A testosterone-containing nasal spray received its second U.S. patent and its first patent in Europe, making it the first testosterone therapy licensed to treat anxiety disorders.
Although testosterone therapy is most often marketed and prescribed to men suffering from “low T”—testosterone deficiency or hypogonadism—researchers with The University of Texas at Austin and MedCara Pharmaceuticals developed a nasal spray in response to a long-standing research question about why women are twice as likely as men to develop anxiety disorders.
“A growing body of research points to testosterone’s importance in the etiology of anxiety disorders,” said Robert Josephs, a professor of psychology at UT Austin who along with MedCara pharmacist Craig Herman developed the spray.
Research has shown that although there is no difference in anxiety disorders among prepubescents, puberty introduces a sharp uptick in anxiety disorders in girls, who naturally have about one-tenth the amount of testosterone as boys. The researchers speculated that men’s higher concentrations of circulating testosterone may protect against anxiety and began developing a treatment to address the issue.
“With this second U.S. patent and a first European patent supporting these claims, we’re one step closer to introducing a new weapon in the ongoing battle against mental illness,” said Josephs, who is also an adjunct professor of psychiatry in UT Austin’s Dell Medical School.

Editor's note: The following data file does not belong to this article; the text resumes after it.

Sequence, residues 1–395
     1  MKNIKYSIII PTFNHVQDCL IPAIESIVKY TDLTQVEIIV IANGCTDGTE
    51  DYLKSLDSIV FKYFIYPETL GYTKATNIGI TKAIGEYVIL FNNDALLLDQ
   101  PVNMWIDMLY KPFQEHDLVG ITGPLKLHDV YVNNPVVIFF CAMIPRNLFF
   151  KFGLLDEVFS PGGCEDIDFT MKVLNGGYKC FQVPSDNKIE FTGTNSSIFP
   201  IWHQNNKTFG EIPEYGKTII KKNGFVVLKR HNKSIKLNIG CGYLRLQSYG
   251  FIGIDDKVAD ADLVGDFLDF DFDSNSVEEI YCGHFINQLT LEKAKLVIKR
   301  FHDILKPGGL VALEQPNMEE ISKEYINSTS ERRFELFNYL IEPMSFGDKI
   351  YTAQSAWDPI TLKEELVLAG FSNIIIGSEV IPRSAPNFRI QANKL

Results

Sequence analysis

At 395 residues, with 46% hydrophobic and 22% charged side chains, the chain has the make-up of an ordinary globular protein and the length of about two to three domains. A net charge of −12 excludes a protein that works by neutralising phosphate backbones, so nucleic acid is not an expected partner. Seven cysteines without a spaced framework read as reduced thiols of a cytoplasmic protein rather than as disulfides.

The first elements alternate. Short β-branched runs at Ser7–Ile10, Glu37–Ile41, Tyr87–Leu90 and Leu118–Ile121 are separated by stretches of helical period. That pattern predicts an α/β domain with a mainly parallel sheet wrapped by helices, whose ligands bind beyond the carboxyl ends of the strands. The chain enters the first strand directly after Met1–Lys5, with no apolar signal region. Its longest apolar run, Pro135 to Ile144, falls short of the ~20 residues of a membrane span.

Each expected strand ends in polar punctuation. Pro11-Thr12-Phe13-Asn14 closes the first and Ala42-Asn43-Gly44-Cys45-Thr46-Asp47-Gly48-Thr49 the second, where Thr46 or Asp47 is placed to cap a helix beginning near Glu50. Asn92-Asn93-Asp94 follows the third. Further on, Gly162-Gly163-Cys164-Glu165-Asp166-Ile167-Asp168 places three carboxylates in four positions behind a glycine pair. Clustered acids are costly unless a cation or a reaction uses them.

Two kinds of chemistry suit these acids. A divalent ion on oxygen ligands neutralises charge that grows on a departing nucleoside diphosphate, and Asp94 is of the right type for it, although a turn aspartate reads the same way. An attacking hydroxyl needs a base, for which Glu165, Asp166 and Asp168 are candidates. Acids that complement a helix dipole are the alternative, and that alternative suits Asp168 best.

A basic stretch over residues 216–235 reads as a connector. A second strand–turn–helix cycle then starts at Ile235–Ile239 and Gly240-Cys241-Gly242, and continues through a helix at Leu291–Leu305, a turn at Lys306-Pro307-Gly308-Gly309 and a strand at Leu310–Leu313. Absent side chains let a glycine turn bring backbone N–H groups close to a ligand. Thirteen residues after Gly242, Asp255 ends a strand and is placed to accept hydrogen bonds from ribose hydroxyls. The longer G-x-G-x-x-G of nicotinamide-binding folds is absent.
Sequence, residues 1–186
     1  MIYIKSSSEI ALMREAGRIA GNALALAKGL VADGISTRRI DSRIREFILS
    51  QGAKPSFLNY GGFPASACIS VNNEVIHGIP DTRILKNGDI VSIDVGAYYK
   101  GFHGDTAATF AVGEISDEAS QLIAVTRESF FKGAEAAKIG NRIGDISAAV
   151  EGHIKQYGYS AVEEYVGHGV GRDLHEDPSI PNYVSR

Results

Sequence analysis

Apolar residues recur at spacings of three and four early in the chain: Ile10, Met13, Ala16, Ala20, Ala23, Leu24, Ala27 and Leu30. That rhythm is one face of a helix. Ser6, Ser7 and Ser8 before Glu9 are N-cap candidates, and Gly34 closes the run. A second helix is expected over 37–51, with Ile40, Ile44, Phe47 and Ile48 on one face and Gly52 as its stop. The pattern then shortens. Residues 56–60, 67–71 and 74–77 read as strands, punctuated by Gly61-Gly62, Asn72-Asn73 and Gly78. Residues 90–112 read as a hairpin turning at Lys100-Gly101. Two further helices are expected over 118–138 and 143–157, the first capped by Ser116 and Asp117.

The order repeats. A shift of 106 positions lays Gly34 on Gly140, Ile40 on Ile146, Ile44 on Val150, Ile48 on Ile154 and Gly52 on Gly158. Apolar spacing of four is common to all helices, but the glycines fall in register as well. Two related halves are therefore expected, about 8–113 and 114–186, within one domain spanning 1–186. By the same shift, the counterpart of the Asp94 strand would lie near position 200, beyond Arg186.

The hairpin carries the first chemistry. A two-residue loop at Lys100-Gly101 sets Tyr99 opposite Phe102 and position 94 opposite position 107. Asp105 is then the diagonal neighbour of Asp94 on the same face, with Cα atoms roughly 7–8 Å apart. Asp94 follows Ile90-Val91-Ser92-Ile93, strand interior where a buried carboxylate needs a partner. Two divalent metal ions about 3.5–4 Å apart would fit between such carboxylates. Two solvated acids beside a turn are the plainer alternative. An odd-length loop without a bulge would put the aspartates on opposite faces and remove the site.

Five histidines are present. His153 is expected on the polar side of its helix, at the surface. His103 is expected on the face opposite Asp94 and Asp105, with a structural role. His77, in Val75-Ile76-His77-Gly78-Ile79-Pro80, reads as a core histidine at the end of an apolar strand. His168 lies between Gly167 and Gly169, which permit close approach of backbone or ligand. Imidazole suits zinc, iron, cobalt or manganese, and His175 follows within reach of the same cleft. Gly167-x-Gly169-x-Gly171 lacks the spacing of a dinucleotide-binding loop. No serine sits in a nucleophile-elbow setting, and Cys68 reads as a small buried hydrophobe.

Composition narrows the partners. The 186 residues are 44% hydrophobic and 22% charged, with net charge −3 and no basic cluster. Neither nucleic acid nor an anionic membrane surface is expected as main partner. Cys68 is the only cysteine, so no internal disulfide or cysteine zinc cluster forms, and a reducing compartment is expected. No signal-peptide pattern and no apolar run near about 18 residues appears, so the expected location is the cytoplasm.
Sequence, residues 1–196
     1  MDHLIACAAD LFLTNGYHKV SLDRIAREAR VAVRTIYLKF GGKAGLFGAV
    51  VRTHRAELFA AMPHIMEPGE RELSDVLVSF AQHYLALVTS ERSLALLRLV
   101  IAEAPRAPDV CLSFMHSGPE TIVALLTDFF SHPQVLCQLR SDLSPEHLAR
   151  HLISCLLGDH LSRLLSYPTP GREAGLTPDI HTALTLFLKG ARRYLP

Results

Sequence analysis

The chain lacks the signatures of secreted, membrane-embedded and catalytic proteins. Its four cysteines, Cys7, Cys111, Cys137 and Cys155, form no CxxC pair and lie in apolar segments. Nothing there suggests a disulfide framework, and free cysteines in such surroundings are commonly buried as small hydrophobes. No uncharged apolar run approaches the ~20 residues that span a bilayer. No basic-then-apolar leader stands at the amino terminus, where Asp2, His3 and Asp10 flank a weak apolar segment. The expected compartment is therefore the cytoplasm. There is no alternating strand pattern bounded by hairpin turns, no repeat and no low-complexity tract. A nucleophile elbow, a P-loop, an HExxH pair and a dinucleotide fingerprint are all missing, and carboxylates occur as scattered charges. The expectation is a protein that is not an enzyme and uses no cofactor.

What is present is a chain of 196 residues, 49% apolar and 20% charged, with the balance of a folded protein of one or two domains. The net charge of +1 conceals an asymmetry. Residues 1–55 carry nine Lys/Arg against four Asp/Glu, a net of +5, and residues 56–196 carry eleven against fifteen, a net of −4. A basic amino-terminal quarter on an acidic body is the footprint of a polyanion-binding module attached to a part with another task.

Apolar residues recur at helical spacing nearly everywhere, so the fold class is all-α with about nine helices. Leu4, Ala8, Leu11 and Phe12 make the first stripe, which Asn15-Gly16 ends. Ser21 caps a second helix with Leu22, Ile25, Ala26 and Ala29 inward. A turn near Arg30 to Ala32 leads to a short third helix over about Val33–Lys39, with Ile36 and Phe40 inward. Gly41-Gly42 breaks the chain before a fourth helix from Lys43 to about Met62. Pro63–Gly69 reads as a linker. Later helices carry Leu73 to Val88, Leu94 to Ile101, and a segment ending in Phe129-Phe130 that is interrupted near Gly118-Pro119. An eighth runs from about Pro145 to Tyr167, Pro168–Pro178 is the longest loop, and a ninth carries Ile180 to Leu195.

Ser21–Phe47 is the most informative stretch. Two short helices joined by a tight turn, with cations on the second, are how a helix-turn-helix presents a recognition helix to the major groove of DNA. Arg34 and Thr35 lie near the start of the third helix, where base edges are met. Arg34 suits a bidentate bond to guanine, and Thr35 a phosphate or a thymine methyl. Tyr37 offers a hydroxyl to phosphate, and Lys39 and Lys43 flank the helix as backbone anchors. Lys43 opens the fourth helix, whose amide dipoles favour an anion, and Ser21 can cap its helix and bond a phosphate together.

The first patent for his invention was issued in April 2019, with broad claims as a treatment option for fear-based disorders. This second U.S. patent, however, has the power to change the way testosterone therapy is used and how anxiety disorders are treated.
Although testosterone is not currently prescribed for anxiety, Josephs hopes that a short-term, fast-acting testosterone product might be prescribed alongside a lower dosage of benzodiazepines—such as Xanax or Klonopin—for treating anxiety disorders such as PTSD and OCD.
“Although benzodiazepines work well, they have strong sedative effects,” Josephs said. “Testosterone is not sedating.”
The aqueous-based nasal spray also addresses a current market need for comfortable, controlled, and fast-acting dosages of testosterone for people struggling with “low T” or a decreased libido. Traditional testosterone supplements, including drops, transdermal creams and gels, injections and subcutaneous “seeds,” can take days and/or multiple doses to reach full potential. Testosterone is in high demand, with prescriptions increasing fivefold since 2011.
The nasal spray (U.S. Patent No. 10,258,63, issued April 16, 2019; U.S. Patent No. 10,751,348, issued Aug. 25, 2020) has been licensed to Acerus Pharmaceuticals Corporation, which has the flexibility under the current agreement to use the technology in whatever medical field it deems most appropriate.
A Chinese patent is also forthcoming, paving the way for the psychology professor’s invention to be available worldwide.